Ever Notice How Bad Closed Captioning Is? One Government Agency Is Doing Something About It LA Times

Noting that closed captions on television "are often riddled with typos or incomplete sentences that leave viewers struggling to make sense of what's being said," the Los Angeles Times’ Show Tracker reports that a key government agency has set its sights on improving the situation.

The Federal Communications Commission is expected to adopt new rules aimed at improving the quality of closed captioning, the story reports.

The report cites as an example a recent weather forecast on WeatherNation that was transcribed as “five wins and a very light power reese know,” which was supposed to say, “high winds and a very light, powdery snow."

“The FCC will require that captions must match spoken words in dialogue and convey background noises and other sounds to the fullest extent possible, according to agency officials familiar with the order,” the story reports.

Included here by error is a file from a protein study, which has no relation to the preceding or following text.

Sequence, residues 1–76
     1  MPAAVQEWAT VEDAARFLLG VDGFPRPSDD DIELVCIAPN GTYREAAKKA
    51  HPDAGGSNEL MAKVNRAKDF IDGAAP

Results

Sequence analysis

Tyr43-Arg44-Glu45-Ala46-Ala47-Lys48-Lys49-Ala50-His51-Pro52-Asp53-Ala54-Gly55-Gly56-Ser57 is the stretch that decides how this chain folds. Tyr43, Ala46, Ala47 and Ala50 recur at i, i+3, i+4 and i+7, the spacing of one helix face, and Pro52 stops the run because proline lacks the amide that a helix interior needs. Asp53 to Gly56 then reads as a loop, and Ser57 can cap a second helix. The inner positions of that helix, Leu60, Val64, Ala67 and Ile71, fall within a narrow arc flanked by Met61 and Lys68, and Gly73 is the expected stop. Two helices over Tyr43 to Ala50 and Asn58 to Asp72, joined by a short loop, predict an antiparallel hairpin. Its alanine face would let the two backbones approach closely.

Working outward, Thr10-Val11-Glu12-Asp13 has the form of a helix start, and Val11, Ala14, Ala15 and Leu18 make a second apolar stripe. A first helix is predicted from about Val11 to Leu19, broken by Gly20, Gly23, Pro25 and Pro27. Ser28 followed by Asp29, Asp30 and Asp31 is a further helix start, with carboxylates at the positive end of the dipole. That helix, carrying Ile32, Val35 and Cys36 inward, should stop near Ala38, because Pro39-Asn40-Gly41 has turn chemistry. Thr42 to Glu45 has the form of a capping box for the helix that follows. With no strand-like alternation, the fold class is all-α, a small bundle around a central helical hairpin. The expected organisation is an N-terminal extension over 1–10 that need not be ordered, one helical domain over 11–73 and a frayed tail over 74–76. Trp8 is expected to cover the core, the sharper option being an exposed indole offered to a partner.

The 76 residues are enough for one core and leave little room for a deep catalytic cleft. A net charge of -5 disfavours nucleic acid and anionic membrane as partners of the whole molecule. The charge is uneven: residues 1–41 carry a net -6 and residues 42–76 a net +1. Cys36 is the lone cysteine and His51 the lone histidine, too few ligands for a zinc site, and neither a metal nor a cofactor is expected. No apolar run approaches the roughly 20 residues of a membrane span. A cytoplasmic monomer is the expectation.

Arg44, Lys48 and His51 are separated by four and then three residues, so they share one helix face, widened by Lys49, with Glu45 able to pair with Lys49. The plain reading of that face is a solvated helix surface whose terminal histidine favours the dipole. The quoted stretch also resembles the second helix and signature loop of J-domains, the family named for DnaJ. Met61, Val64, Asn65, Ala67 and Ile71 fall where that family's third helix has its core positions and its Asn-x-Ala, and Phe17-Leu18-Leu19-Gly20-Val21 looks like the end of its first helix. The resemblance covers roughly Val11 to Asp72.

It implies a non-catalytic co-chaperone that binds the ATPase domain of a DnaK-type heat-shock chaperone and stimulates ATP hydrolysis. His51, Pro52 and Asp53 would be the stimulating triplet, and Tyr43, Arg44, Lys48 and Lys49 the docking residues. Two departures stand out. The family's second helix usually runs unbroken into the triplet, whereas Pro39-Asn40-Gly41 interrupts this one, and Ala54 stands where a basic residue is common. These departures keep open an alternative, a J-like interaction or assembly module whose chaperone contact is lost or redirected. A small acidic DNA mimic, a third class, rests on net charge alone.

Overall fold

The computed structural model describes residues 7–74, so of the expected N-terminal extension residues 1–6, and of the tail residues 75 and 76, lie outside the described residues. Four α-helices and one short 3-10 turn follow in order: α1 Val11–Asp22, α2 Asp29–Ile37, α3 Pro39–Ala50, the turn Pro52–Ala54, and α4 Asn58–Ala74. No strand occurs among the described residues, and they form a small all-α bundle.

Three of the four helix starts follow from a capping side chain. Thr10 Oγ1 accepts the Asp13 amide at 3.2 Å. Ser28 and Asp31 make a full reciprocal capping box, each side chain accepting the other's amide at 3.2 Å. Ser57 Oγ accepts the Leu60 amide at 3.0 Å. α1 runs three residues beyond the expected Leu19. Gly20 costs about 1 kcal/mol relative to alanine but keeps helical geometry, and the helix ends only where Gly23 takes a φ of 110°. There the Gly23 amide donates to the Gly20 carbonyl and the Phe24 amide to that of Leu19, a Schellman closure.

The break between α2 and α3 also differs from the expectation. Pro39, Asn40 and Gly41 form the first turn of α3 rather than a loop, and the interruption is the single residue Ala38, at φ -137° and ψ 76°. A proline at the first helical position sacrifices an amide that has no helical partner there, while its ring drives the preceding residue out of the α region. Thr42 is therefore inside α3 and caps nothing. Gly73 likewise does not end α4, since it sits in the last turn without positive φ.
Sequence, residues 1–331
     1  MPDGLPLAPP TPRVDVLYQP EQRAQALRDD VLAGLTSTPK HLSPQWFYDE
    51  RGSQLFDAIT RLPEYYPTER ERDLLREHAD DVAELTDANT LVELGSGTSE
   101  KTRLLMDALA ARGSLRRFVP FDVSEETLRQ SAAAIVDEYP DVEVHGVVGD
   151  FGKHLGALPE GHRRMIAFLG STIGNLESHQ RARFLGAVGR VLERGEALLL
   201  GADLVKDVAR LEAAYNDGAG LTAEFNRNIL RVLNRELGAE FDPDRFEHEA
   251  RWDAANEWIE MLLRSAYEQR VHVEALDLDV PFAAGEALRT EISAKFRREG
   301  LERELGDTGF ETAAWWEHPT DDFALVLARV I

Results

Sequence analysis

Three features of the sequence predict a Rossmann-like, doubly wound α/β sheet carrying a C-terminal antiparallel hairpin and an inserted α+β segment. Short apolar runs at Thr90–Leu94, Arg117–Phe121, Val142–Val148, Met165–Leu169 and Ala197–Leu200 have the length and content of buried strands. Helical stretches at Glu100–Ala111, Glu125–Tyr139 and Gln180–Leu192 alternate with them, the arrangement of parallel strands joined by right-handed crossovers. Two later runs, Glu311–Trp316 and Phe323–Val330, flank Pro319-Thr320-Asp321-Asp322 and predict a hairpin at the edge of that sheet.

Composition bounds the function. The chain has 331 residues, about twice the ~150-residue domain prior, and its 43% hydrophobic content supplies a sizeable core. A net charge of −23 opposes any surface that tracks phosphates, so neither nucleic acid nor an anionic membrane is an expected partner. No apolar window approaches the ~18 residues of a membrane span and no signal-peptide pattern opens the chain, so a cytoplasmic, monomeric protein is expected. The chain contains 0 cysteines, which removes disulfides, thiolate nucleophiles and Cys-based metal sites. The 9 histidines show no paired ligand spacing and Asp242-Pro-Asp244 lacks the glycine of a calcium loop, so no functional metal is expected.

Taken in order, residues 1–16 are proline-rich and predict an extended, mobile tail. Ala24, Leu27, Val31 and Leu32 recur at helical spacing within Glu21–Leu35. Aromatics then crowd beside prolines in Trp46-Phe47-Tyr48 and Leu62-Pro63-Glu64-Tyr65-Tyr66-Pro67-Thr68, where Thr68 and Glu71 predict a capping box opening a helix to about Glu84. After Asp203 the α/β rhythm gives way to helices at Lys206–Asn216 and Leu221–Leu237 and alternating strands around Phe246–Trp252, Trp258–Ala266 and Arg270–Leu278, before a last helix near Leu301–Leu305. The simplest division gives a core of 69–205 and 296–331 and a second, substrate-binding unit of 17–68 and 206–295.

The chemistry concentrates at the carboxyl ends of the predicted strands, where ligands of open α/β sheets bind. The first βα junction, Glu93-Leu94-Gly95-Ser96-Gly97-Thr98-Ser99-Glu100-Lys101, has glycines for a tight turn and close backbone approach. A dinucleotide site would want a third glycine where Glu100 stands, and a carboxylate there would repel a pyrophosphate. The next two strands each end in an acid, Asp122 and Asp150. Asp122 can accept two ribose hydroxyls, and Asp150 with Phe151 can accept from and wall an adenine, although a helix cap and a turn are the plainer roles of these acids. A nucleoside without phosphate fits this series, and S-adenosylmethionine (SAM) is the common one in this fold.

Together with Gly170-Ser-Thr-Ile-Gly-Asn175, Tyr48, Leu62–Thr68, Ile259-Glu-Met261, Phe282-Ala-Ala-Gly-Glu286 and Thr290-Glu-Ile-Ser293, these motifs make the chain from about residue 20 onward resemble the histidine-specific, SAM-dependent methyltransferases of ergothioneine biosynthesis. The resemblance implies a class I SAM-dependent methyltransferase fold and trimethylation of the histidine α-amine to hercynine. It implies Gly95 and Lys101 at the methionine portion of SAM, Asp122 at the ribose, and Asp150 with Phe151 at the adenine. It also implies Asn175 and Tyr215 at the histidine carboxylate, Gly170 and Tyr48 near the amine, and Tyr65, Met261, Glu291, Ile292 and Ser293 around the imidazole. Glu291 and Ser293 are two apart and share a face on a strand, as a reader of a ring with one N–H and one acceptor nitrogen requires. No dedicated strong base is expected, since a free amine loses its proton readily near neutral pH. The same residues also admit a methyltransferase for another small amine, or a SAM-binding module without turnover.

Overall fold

The report adds: “The order will also mandate that captions not block other content on the screen, overlap one another, run off the edge of the video screen or be blocked by other information.”

The story notes that the proposed changes "sat in limbo for a decade," until new FCC Chairman Tom Wheeler, who has had the job for just a few months, started pushing to fast-track the regulations.

Thumbnail image for tom wheeler.pngTom Wheeler